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Terror attack fears force elderly army veterans to march past huge haulage truck for protection at Armistice Day parade

War veterans were forced to march alongside huge haulage trucks during an Armistice Day[1] parade over fears the procession could be targeted by terrorists. Members of the Army,[2] RAF, and Navy, as well as cadets, guides, scouts and bands, all navigated around the four huge vehicles in the interest of safety. The measures were taken after police told Bedworth Armistice Day Parade organisers the annual event could be at risk in September.

The bright white, red and orange vehicles – which had ‘Bedworth Haulage Ltd’ written on the side of them – were used to block main entrances to the town. Around 50 police officers were also seen at the march in Bedworth, Warwickshire, which is widely regarded as one of the country’s biggest commemorations of those who lost their lives in the war.

Elderly army veterans were forced to navigate around the huge vehicles

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The two hour parade went ahead as planned and attracted “thousands” of spectators, before locals gathered round the Bedworth war memorial for a two minute silence. Poppies were then seen falling from the sky during a brief flyover.

Gil Leach, 78, the former chairman of the Bedworth Armistice Day Parade Group, has remained heavily involved in the organisation of the event. Speaking in September about the need for extra security, he said: “It is one thing after another, they said that we need to get JCBs or other large vehicles that can be locked to block off the main entrances, I thought it was the police’s job to be protecting us? “It is yet another job that we have to do to make sure that the parade can go ahead.”

However, speaking on Saturday, he said: “You have to be careful these days, and you have to take all the necessary precautions. “The trailers may be a bit of an eyesore, but this is the way the world is today. It’s sad, yes, but the police have a duty to protect the people.

Cadets, guides, scouts and bands were also all present at the parade Police told organisers in September to create the safety measures

“If they feel like something like that is necessary then we’ll do it, regardless of whether or not it may be an eyesore.

“We haven’t done anything like this before, but like I say, it’s the way that the world is moving these days. “We were advised to do it, so we’ve done it. We’ll do whatever is necessary to ensure that the event goes ahead smoothly next year, too.

“The trailers are effectively there to stop vehicles getting into the parade, and because they’re mobile, they’re able to move out the way if an ambulance comes. Thankfully that was necessary, though. “It was a fairly lengthy procession, and there were only be four of them, so it’s not been massively intrusive.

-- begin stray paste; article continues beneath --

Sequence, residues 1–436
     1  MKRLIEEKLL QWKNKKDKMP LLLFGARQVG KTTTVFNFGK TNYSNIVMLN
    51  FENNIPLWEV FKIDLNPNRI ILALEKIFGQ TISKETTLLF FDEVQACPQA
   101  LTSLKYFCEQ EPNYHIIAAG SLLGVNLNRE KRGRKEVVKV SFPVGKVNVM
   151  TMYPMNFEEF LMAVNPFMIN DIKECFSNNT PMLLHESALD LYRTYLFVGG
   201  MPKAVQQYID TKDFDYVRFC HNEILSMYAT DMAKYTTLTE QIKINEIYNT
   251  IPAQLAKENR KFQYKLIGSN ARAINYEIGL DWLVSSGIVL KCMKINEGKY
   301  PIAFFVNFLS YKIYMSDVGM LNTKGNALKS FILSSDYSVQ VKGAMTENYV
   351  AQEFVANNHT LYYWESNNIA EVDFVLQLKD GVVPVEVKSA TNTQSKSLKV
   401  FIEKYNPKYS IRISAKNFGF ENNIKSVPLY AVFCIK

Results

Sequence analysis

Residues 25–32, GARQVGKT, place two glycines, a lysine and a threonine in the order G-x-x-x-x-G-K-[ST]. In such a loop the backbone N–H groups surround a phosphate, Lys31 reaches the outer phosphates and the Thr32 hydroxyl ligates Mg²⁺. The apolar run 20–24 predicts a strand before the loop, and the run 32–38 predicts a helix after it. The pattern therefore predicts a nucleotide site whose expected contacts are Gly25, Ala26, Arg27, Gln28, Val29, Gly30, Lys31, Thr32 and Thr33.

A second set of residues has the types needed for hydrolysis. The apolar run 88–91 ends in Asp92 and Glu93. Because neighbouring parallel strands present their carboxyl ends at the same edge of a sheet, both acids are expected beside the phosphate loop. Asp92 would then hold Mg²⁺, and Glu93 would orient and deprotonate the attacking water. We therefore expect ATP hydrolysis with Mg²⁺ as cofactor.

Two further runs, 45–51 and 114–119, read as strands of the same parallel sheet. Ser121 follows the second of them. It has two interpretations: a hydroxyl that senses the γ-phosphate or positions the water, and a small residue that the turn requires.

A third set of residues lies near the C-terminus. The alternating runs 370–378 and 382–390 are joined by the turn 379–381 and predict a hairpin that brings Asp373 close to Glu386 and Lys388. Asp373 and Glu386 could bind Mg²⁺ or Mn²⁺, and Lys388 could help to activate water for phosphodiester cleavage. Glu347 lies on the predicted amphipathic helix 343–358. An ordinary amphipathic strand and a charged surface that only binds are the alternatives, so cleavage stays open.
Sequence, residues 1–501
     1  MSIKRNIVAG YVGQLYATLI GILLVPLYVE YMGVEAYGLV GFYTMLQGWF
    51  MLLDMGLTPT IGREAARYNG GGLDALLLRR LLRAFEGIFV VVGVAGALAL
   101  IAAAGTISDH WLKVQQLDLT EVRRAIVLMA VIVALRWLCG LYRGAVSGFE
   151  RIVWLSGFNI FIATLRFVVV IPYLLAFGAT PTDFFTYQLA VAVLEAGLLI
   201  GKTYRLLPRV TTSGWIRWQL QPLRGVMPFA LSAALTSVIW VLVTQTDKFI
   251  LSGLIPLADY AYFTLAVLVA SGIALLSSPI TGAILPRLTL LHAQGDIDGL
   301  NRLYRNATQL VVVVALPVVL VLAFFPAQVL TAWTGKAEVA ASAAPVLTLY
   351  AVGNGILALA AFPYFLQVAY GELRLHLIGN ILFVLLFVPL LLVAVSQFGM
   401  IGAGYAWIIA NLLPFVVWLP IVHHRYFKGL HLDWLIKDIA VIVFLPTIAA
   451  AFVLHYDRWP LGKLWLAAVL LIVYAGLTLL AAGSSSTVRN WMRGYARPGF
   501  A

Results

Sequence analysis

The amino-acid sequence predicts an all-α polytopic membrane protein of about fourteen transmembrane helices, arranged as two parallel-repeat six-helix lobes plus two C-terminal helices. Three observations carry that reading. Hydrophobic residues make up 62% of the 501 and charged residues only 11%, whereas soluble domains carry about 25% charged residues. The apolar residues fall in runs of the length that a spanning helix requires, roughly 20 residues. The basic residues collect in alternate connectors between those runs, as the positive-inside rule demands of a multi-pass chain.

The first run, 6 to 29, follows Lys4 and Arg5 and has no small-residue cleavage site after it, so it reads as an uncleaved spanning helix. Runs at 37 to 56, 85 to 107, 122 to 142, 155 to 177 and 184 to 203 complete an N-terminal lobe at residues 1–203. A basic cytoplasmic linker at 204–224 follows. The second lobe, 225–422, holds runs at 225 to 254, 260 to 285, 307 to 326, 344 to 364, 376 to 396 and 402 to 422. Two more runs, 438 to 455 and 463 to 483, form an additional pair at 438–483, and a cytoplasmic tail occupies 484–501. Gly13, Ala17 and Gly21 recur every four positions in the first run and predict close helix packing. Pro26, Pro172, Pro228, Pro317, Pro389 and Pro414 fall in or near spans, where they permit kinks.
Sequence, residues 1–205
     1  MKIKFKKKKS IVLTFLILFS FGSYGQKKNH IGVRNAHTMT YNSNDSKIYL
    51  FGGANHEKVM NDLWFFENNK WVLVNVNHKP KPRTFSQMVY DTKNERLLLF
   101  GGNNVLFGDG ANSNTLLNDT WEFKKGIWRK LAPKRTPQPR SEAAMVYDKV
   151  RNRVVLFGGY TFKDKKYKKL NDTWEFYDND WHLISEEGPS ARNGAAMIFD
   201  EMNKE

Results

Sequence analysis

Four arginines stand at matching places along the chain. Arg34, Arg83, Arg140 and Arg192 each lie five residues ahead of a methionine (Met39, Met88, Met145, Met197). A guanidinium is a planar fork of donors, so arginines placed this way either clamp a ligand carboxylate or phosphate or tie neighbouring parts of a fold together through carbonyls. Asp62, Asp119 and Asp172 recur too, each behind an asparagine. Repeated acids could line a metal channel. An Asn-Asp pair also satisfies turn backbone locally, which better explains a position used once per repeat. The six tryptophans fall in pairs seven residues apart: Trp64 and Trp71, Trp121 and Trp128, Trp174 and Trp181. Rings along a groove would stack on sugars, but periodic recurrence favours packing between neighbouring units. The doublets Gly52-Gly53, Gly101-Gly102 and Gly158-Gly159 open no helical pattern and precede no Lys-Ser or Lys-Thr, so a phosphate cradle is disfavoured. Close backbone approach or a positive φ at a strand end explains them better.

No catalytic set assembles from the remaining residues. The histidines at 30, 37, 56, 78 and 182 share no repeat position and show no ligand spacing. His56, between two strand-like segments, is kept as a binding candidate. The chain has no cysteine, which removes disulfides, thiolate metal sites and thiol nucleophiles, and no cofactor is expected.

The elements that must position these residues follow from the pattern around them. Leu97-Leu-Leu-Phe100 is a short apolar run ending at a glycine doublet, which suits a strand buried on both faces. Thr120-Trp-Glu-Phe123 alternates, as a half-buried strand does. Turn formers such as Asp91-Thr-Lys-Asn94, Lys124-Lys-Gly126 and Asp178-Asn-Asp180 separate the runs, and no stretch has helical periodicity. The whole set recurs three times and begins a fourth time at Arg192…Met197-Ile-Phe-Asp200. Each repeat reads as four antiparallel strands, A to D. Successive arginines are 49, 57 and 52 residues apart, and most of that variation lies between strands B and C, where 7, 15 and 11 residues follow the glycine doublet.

“I don’t think that any of that should detract from what we are here for today, which is to remember those that gave their lives to protect us.

The parade went ahead without issue

“That’s why we’re here, and that shouldn’t be overshadowed by anything else.” Mum-of-one Makayla Rudkin, 45, who works as a service manager, attends the event every year and is on the organising committee. Speaking after the parade, she said: “This is an incredibly important day for everyone in Bedworth, and I think it’s a fantastic event.

“There has definitely been a noticeable difference in security this year. “It’s a sad indictment of where we are these days that it’s necessary, I think. “It does make people feel safer, which is obviously the most important thing.

“I couldn’t imagine an event like this ever being targeted, but it’s quite reassuring that the measures are in place – even if it does look a bit silly.”

Bedworth Haulage Ltd trucks were used at the parade

Chief Inspector Daffyd Goddard from Warwickshire Police said: “As the public would expect we are working closely with our partners and the event organisers to ensure a safe parade for the many people taking part and attending. “Security for such events is a matter for the organiser, however, we do offer advice regarding appropriate security, this advice considers the number of people attending, an understanding of the national threat level and any other local factors. “Due to incidents in this country and worldwide one suggestion made was to consider putting in place approved vehicle mitigation, it is then a decision for the organisers as to whether they adopt this advice.

“Whilst there is no specific threat to either the event itself or in Warwickshire generally, we continue to advise the public to remain vigilant and report any concerns to police.”

References

  1. ^ Armistice Day (www.mirror.co.uk)
  2. ^ Army, (www.mirror.co.uk)



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